Tinkercad 3D Printer Tutorial - How to create your first 3D print
How to Get Started in 3D Printing - Tech Radar 
Top Ten Tips for Designing to Print  - Make 
5 Mistakes to Avoid When Designing a 3D Model for 3D Printing 
Tinkercad Tutorial:

Design Thinking

ICE- Great for Younger Students


Wednesday, February 7, 2018

PD While You... February 2018

Post also appears on FTEdtech 
In our most recent edition of "PD While You..." you can learn plenty of new ways to engage your students.  From math to choice boards.  Find the links you need below.

TED Talk: The Puzzle of Motivation by Dan Pink
As our 5th graders head into a season of Genius Hour with FTGenius, find out the "Why" behind that, and think about maybe using the resources available for your own class.  We have versions of Genius Hour available for 2nd-5th grades.  Look for FTGenius Interactive Notebooks in the FTIS Elementary EdTech Group under the Interactive Notebook file.

Classroom Screen: A Quick Alternative to Smart Notebook
Check out Classroom Screen, a tool I saw both Allyson Jones and Maria Schuman at WES using.  In about 30 seconds they can post an agenda, add a timer to keep the class moving and create a QR code on the fly.

Getting Appy With It: FlipGrid
FlipGrid is a video discussion tool that students can use through an app on the iPad. With FlipGrid, teachers create an account, start a topic, and invite students to share video responses by entering a grid code. The free version is enough to get started.  If you don't see FlipGrid in the student app portal, and would like access, please let me know.

Want more details on how to use it?  Check out this tutorial by Richard Byrne.

Getting Appy With It: CoSpaces EDU
Your students can create their own virtual reality using CoSpaces Edu.  With the free version you can set up a class environment for your students to create through an app.  If the app is not available to your students, please let me know and I will correct that. 

This app would be best suited for older students.  When the are asked to set up their account, they should choose the Google or Office 365 option and enter their school email address and password.

Two Ways to Gamify Math: Prodigy and FogStone Isle
In Prodigy Math, teachers create a free account and then can create path ways for students within the game that are Common Core Aligned.  The game levels from 1-8.  The app for students is in the app portal.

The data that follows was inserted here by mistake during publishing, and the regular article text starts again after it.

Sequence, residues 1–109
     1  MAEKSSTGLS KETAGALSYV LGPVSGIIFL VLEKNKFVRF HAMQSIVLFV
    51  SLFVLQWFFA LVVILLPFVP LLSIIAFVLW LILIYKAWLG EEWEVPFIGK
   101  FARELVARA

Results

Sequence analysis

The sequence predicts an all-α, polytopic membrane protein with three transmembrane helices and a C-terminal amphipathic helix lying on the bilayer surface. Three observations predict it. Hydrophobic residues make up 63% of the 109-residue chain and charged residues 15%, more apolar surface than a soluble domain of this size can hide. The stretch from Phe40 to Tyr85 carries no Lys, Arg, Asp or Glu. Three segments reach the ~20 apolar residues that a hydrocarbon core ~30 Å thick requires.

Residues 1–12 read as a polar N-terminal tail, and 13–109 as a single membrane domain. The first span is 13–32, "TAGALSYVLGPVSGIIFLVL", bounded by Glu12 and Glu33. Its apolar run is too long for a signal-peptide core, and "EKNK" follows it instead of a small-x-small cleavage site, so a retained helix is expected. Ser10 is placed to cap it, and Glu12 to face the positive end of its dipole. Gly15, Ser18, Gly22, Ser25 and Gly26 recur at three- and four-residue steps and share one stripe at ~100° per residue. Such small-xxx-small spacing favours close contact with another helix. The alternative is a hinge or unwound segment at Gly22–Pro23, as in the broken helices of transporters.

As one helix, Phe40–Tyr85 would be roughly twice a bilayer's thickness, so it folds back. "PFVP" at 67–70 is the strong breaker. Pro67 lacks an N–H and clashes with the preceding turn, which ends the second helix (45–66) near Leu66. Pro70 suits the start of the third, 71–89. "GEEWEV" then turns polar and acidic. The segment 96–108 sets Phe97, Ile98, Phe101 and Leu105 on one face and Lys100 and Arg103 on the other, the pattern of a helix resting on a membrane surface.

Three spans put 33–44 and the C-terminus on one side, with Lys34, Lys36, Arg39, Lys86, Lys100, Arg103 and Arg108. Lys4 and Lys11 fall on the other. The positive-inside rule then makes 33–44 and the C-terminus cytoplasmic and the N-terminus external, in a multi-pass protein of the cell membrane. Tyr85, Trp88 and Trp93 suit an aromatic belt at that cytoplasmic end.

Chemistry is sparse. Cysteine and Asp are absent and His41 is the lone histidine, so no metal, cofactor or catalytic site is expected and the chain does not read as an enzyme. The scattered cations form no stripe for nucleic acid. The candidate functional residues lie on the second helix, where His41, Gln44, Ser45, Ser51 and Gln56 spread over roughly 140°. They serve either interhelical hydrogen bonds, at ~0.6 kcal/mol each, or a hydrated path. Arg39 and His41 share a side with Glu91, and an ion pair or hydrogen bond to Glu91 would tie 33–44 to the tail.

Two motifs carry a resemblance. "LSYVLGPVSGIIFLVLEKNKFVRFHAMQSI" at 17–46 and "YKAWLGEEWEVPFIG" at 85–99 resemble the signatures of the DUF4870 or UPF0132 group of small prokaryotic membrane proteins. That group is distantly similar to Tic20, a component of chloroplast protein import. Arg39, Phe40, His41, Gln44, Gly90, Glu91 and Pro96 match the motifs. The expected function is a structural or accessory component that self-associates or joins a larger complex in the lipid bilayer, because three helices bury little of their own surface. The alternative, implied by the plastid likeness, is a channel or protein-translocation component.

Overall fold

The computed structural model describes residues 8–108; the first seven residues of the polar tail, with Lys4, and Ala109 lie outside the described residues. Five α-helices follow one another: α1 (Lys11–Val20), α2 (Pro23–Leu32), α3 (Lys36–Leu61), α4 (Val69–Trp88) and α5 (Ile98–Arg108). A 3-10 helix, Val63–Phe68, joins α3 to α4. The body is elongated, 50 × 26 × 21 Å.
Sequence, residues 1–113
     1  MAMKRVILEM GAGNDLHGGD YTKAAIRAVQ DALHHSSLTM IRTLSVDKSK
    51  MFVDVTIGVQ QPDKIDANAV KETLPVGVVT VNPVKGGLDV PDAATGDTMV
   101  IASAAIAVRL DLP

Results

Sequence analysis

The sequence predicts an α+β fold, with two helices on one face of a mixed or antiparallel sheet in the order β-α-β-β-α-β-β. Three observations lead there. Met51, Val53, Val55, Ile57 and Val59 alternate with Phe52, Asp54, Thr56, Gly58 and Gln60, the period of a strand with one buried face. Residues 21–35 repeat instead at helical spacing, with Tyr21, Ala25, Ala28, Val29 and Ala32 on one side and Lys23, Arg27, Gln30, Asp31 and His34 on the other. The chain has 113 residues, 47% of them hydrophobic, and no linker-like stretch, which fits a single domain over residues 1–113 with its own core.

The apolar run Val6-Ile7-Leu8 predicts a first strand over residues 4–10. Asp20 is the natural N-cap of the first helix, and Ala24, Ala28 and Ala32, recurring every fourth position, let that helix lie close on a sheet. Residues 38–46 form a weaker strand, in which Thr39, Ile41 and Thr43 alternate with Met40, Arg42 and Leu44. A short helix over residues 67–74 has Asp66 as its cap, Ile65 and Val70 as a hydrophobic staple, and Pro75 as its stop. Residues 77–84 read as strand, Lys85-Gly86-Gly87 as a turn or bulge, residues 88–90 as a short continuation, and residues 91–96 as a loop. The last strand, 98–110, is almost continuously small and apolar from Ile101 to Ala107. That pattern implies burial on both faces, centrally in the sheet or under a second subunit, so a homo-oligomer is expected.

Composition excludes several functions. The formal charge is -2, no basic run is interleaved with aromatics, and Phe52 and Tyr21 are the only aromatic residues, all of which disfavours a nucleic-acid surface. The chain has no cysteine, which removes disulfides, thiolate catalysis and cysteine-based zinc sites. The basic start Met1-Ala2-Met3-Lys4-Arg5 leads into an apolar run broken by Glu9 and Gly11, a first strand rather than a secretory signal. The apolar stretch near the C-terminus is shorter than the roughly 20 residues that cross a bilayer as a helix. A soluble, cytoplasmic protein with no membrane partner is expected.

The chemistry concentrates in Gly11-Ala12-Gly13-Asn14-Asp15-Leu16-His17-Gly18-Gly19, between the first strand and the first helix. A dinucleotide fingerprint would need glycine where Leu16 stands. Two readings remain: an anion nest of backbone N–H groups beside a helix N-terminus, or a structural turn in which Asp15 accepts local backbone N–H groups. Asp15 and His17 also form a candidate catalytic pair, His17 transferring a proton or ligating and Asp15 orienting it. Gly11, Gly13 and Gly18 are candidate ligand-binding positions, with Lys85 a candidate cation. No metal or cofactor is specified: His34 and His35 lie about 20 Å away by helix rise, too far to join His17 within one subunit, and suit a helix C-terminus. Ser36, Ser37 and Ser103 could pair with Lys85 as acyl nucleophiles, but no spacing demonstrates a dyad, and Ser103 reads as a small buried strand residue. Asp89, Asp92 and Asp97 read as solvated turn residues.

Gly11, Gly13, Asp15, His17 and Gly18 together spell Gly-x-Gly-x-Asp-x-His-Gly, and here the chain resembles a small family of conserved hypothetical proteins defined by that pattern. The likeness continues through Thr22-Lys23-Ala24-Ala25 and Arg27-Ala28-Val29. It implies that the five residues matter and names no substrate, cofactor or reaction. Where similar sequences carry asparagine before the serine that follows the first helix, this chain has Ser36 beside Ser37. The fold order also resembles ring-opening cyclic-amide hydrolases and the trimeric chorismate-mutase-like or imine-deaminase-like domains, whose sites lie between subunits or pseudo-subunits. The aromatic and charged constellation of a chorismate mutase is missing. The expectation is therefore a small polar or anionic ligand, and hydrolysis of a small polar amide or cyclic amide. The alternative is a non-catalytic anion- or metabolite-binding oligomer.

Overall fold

FogStone Isle is another game type math app, best suited for 3-5th grades.  This app earned an award as one of the best from Common Sense Media.  Set up your free account and set up your class.  The app is available for students in the app portal

JES Feature Link
As you're planning for PBL, consider posting a timeline and milestones in your classrooms to keep kids on track.  You also might consider taking it digital by asking students to record things in their iPad calendar or by posting it for the in Schoology calendars.  

MES Feature

Making Choice Boards for your class is not easy work.  As you plan choice boards for language arts, consider taking a look at the Workstation cards for the week in Wonders, find your favorite advanced organizer for skill practice or check out the ideas on the Padlet below.  To get the advanced organizer interactive notebook go to Schoology>>FTIS Edtech Elementary Group>> Interactive Notebooks >> Advanced Organizers.

Made with Padlet

Tuesday, December 19, 2017

Coding in a Winter Wonderland

This post first appeared on FTISEdtech

I was thrilled to get the chance to work on some coding centers with a second grade class, and so impressed with their persistence and hard work.

The kids got a lot of practice with addition, measurement, algorithmic thinking and even a little storytelling.  

These would be great centers to try out any time this winter.


For the centers, you'll need: 
  • At least 6 sets of Dash and Dot Robots
    • Launcher accessories
    • Plow accessories
    • Ping Pong Balls
    • Bunny ears accessories (for Dot)
  • 4-5 Ozobots
  • Large sheets of paper
  • Black, Red, Green and Blue markers
  • Cotton balls
  • Painter's or Masking Tape

The Centers

Center 1: Winter Activities with Scratch JR

In this center students create a winter scene in Scratch JR and then write about their favorite activity using the speech bubble or audio record feature in the program.

I like this basic tutorial from Paul Hamilton about how to use Scratch JR:

Here's an example of a program a student wrote about being in school:

Center 2: Santa's Village

For this simple center, students explore many of the different coding activities on Google's Santa Tracker site.  Here they can check into art, games, and basic block coding activities.

Center 3: Snowball Throw

For this challenge, students code Dash to launch "snowballs" (ping pong balls) through Dot's bunny ears.  They should work in partners with one partner acting as a timer and score keeper while the other partner gets 1 minute to try to get as many points as possible.  Each time a ball goes through or over Dot's ears, they earn 2 points.  Once they get the hang out of how the launcher works, encourage students to try to use the automatic reload feature and to program Dash to "sneak" up on Dot by moving in from different directions and turning. 

Center 4: Winter Scene

With this center you will need Ozobots, markers and paper. Students should draw a simple winter scene for the Ozobot to "explore" and use the different colors to achieve different effects like speeding up and slowing down.

Center 5: Snow Plow